However, the issue for the jury as to the silver key on the ring with the library card, with the red sticker on it, was whether it was seized from defendant Thomas. The jury heard Detective Dalferes and Sislo both testify that Detective Roccaforte removed the key from Thomas. Further, the jury heard Detective Sislo affirmatively testify that when he approached Patin, as he was sitting on the sofa after the officers searched the residence, he observed a gold key on the floor between his feet. The fact that one brass and one silver key, both to the front door lock at 2031 Dumaine Street, were recovered inside the residence that day was not seriously contested by either defendant, and both of them were introduced as evidence during trial in the instant case.

[2014-0510 La.App. 4 Cir. 24] Considering all the facts, circumstances, and evidence, it cannot be said that the trial court abused its discretion in (1) concluding that the rebuttal comment by the State was not so prejudicial that it deprived Thomas of a fair trial; or (2) in consequently denying his motion for mistrial. Consequently, despite the State's error, we cannot say that one would be thoroughly convinced that the prosecutor's comment influenced the jury and contributed to the verdict. Thus, the trial court did not abuse its discretion failing to grant Thomas's motion for new trial insofar as it was based on the denial of his motion for mistrial.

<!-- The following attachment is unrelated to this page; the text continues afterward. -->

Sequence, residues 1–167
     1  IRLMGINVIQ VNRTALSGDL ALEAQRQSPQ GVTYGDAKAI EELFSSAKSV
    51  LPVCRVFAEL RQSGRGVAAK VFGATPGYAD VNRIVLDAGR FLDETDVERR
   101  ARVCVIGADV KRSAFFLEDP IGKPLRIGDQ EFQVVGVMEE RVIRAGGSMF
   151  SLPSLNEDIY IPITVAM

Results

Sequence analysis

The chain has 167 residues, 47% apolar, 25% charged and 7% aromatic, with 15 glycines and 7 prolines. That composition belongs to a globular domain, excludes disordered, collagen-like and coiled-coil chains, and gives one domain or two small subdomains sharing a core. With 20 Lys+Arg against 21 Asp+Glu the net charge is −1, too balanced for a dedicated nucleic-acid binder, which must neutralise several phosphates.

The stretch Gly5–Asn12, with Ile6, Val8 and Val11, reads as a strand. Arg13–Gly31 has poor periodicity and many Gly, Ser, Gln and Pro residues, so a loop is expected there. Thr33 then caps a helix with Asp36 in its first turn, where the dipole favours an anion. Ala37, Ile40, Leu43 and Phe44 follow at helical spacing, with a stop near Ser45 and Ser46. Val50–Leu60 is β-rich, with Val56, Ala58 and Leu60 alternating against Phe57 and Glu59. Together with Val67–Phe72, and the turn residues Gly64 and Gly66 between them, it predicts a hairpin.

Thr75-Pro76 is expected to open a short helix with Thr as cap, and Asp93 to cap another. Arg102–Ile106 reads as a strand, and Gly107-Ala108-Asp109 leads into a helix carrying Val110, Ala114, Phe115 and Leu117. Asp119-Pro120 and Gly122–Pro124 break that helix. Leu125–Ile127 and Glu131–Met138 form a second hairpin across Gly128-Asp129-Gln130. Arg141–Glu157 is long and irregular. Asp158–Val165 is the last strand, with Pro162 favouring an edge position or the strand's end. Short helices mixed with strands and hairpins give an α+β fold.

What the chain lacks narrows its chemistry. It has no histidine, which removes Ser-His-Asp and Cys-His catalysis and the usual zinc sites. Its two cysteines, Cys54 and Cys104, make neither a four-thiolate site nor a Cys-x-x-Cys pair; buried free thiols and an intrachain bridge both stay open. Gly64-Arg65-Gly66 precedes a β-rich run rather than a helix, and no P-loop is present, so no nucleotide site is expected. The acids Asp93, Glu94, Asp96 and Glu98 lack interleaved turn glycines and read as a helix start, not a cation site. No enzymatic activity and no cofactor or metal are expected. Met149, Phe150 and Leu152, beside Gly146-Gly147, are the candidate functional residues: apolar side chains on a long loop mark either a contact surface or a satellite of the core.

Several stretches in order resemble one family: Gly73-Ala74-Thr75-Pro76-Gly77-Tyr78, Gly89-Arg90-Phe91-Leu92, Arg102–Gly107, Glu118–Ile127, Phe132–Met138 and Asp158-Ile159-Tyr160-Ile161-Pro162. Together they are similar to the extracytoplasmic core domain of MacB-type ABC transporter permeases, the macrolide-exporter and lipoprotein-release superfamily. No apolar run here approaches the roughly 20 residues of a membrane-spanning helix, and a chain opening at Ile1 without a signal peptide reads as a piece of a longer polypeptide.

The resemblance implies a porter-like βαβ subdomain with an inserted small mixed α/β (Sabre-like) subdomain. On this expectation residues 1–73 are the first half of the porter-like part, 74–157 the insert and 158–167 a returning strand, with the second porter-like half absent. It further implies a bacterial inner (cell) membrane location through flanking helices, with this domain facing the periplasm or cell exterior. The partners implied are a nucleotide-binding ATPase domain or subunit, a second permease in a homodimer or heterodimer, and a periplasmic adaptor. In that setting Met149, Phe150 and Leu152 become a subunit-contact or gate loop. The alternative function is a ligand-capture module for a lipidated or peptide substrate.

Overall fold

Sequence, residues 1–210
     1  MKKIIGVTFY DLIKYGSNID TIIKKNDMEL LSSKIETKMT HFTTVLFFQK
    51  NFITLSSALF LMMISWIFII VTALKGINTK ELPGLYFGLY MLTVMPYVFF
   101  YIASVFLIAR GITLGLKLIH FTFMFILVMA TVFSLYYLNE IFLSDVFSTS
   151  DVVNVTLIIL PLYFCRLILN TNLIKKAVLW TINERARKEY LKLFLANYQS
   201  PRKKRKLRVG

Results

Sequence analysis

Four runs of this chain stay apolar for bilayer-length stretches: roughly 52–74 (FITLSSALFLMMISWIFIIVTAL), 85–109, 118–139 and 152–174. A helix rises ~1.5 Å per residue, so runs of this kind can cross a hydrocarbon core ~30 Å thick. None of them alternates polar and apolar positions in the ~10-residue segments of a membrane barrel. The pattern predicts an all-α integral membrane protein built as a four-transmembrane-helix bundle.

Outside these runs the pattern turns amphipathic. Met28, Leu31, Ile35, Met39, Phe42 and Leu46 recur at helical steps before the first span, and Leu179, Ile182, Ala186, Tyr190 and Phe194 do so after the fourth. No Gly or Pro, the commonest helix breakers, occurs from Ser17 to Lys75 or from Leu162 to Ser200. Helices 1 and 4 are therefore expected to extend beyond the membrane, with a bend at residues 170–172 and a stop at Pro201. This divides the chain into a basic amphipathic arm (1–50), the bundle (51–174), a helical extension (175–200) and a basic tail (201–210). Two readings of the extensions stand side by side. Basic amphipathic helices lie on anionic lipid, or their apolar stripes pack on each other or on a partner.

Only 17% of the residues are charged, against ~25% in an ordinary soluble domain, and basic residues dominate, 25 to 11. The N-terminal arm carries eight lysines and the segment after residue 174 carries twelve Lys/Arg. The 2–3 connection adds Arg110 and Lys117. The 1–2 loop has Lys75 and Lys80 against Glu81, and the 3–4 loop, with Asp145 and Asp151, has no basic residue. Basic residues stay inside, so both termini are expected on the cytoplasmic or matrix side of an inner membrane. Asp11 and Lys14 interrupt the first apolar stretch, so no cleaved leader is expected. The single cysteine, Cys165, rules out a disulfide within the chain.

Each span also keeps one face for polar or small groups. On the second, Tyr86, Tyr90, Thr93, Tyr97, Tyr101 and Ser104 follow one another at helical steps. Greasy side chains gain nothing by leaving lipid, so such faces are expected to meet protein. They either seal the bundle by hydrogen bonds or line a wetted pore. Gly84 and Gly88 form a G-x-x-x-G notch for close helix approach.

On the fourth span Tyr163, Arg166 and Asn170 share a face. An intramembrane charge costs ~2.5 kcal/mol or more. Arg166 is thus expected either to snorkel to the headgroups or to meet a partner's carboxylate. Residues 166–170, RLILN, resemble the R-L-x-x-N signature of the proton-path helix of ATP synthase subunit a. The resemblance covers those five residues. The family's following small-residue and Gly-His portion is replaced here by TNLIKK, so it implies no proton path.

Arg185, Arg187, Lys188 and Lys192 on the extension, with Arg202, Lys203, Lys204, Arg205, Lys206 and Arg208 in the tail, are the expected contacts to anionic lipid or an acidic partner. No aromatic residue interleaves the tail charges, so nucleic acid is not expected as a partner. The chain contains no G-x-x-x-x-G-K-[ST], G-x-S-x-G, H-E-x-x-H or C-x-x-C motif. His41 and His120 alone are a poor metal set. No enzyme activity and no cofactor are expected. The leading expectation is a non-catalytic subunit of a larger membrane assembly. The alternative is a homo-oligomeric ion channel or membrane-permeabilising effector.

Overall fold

The other ground asserted in Thomas's motion for new trial, under La. C.Cr.P. art. 851(5), was that that the ends of justice would best be served by granting him a new trial, although he may not be entitled to one as a matter of strict legal right. In evaluating a new trial motion brought under La. C.Cr.P. art. 851(B)(5), the duty of the trial court is to put itself in the position of a juror. State v. McKinnies, 13-1412, p. 10 (La. 10/15/14), 171 So.3d 861, 2014 WL 5393037, at *6. In reviewing a trial court's ruling for abuse of its great discretion in granting or denying a motion for new trial pursuant to La. C.Cr.P. art. 851(5), an appellate court must keep two precepts in mind: (1) under this ground a trial court is vested with almost unlimited discretion, and its ruling should not be disturbed absent a palpable abuse of that discretion; and (2) La. C.Cr.P. 851 expressly states that " [t]he motion for new trial is based on the supposition that injustice has been done the defendant, and, unless such is shown to have been the case, the motion shall be denied, no matter upon what allegations it is grounded." Fields, 13-1493, p. 33-34, 151 So.3d at 777 (citing State v. Guillory, 10-1231, pp. 4-5 (La. 10/8/10), 45 So.3d 612, 615.

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[2014-0510 La.App. 4 Cir. 25] In arguing that the ends-of-justice require a new trial, defendant asserts that the State's comment that the two keys to 2031 Dumaine Street had both been introduced in Patin's Jefferson Parish trial operated to deny him his right to confront and cross-examine any witness who would have testified to this fact, in violation of his rights under the Confrontation Clause of the Sixth Amendment to the U.S. Constitution.